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Bubbling and peeling


No... they was not textured ceilings. It is a two story home and the problem accurred on the first floor ceilings.

Last edited by sjaconski; 10-15-2008 at 07:33 AM.
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Old 10-15-2008, 09:37 AM   #5
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Bubbling and peeling


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No... they was not textured ceilings. It is a two story home and the problem accurred on the first floor ceilings.
In that case, I can only guess the paint is absolutely ancient or is perhaps over old wall paper and surface prep is the only answer.

Last edited by Bubbagump; 10-15-2008 at 09:41 AM.
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Old 10-16-2008, 12:03 AM   #6
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Bubbling and peeling


The thought of Calsomine paint is crossing my mind.

Calsimine, or Kalsomine, paint was used before the turn of the last century, in the late 1800's. I know little about it, but I do know that the problem was that it used very little binder, so it had poor adhesion. The problem is that such paint will peel very easily, and about the only good way to deal with it is to remove it.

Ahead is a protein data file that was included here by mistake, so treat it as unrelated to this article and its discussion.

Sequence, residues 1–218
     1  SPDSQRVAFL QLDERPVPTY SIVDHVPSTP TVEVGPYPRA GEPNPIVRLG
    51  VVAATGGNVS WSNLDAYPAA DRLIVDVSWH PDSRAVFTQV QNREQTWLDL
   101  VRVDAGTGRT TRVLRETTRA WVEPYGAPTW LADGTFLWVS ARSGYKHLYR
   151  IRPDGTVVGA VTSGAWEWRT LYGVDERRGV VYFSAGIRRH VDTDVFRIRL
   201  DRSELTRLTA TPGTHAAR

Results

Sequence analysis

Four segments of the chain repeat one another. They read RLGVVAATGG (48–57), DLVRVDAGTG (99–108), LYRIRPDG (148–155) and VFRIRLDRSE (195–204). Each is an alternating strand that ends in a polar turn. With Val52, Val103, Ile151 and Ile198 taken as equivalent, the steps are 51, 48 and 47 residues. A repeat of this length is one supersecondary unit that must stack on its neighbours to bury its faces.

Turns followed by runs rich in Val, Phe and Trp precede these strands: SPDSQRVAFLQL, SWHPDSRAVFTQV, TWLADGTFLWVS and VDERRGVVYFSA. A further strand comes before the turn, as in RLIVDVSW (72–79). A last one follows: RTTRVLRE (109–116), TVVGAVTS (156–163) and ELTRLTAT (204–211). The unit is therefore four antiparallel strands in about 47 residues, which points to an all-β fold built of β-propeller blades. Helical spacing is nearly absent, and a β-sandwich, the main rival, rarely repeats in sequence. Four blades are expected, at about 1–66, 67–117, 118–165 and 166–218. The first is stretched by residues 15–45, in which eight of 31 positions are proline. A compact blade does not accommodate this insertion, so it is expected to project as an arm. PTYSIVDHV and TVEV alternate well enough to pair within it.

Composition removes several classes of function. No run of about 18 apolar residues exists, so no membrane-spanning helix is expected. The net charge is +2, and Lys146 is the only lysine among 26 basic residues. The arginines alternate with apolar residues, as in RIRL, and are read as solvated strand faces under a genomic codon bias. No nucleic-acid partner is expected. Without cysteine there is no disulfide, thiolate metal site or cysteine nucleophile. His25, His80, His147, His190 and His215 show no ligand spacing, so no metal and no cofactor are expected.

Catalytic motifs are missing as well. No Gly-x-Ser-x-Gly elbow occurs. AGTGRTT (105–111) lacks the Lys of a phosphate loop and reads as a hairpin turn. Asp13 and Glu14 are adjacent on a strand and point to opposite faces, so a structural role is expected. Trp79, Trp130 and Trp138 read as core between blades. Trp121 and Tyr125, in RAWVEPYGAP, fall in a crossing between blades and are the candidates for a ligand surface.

You should also be aware that latex paints develop tension in the paint film as they dry. It is this tension that most likely pulled the Calsomine paint (if it is calsomine paint) off the ceiling. Oil or alkyd paints DON'T develop any tension at all in them as they cure, so the second option that you might consider is to switch to an oil based paint for the ceilings. However, I have a feeling that doing that would just delay the inevitable, your ceiling paint peeling off at the plaster/Calsimine interface.

Here's one article written about it:

http://www.plasterlord.com/notebook/fcalcimine2.htm

I clicked on the "I want to learn more" link, and it opens a page where he tries to sell you a book. I read the whole article a few years ago, and he basically says that the two options are to remove the calsimine paint or to use an oil based primer and oil based top coats instead of latex primers and paints.

Last edited by Nestor_Kelebay; 10-16-2008 at 12:07 AM.
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Old 10-16-2008, 09:31 AM   #7
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Bubbling and peeling